In 2021, the Ford government altered the Education Act and mandated that two of the 30 credits required for an Ontario Secondary School Diploma (OSSD) need to be obtained through online learning—down from an initial proposal to make it compulsory that students take four out of 30 high school courses online. After opposition from students and families, the government moved to allow them to choose to opt out of this requirement.
Thanks to the backlash and advocacy from union members, academic experts, parents, and other education stakeholders, the Ford government made e-learning mandatory but optional. Like much of the PC government’s education policy, this provision is as clear as mud.
On March 3, 2021, Ontario Education Minister Stephen Lecce said that Ontario will introduce a “policy to give parents the ability to opt their children out of the mandatory online courses required for graduation.”
To date, the government has provided no further guidance, memos or details to students, families, teachers and education workers or their representative unions, about the “opt-out” process.
With respect to e-learning, OSSTF/FEESO and other affiliates have repeatedly made inquiries about the e-learning opt-out plan. Despite our attempts to have ministry officials appreciate the urgency of the situation, course selections for the 2022–2023 school year are well underway, no information has been shared.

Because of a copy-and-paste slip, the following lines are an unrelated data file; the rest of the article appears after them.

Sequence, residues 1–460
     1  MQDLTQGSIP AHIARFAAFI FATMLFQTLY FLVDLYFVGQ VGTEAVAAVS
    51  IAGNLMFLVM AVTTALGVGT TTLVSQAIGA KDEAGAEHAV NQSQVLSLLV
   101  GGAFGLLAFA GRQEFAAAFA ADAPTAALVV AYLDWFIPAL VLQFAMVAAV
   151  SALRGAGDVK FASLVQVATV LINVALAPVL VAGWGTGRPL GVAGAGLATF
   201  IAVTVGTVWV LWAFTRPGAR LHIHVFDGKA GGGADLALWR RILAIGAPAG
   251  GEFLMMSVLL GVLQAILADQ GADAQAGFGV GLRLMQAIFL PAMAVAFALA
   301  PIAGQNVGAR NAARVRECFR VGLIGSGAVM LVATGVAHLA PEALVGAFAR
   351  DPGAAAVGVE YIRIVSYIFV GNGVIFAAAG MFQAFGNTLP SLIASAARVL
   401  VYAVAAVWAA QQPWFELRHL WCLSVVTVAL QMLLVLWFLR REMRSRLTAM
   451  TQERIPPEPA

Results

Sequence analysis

The Ministry has indicated that a Policy/Program Memorandum (PPM) is forthcoming. However at this time, there is no information available regarding timelines for the PPM. With course selections for next school year just around the corner, students and their families as well as schools, are left not knowing how to proceed.
OSSTF/FEESO stands against the mandatory online credits requirement for graduation and believes that it is unreasonable and unfair to burden parents and students with opting out. Families who aren’t aware of their ability to choose, or who face social or linguistic barriers accessing school information, including some newcomers, are most likely to be negatively impacted by this cumbersome and unnecessary process.
Mandating e-learning also represents a potentially devastating cut to publicly-funded education and is just another example of an attack on Ontario’s social services. It places an unnecessary burden on students, all the while paving the way for privatization of publicly-funded education, as companies eager to cash in on online learning services and portals line up at the ready.
In-person courses are funded at a ratio of 23:1 (i.e. for every 23 students, a board funds one teacher), whereas e-learning courses are funded at a 30:1 ratio. This decrease in funding will also reduce the amount of education worker funding available to provide resources that students rely on for academic success and social/emotional support.
If awareness of opting out fades over time, then these online courses become normalized and commonplace in practice. In essence, e-learning will become yet another way for the Ford government to undermine and cut funding to publicly-funded education in Ontario.
Were it not for the collective job action of OSSTF/FEESO members, other affiliates job action, and stakeholder advocacy in 2020–2021, the Ford government would not have moved off their initial proposal to make it compulsory that students take four out of 30 high school courses online.
Emergency pandemic pedagogy has made it crystal clear that in-person learning is the preferred method of instruction, even the Premier, the Minister of Education and various medical experts agree. The Premier stated in a January 9, 2022 press conference that “I know online learning isn’t ideal”, yet the plan continues to force students to complete online credits for graduation. This is why OSSTF/FEESO will continue to advocate for an opt-in not an opt-out process.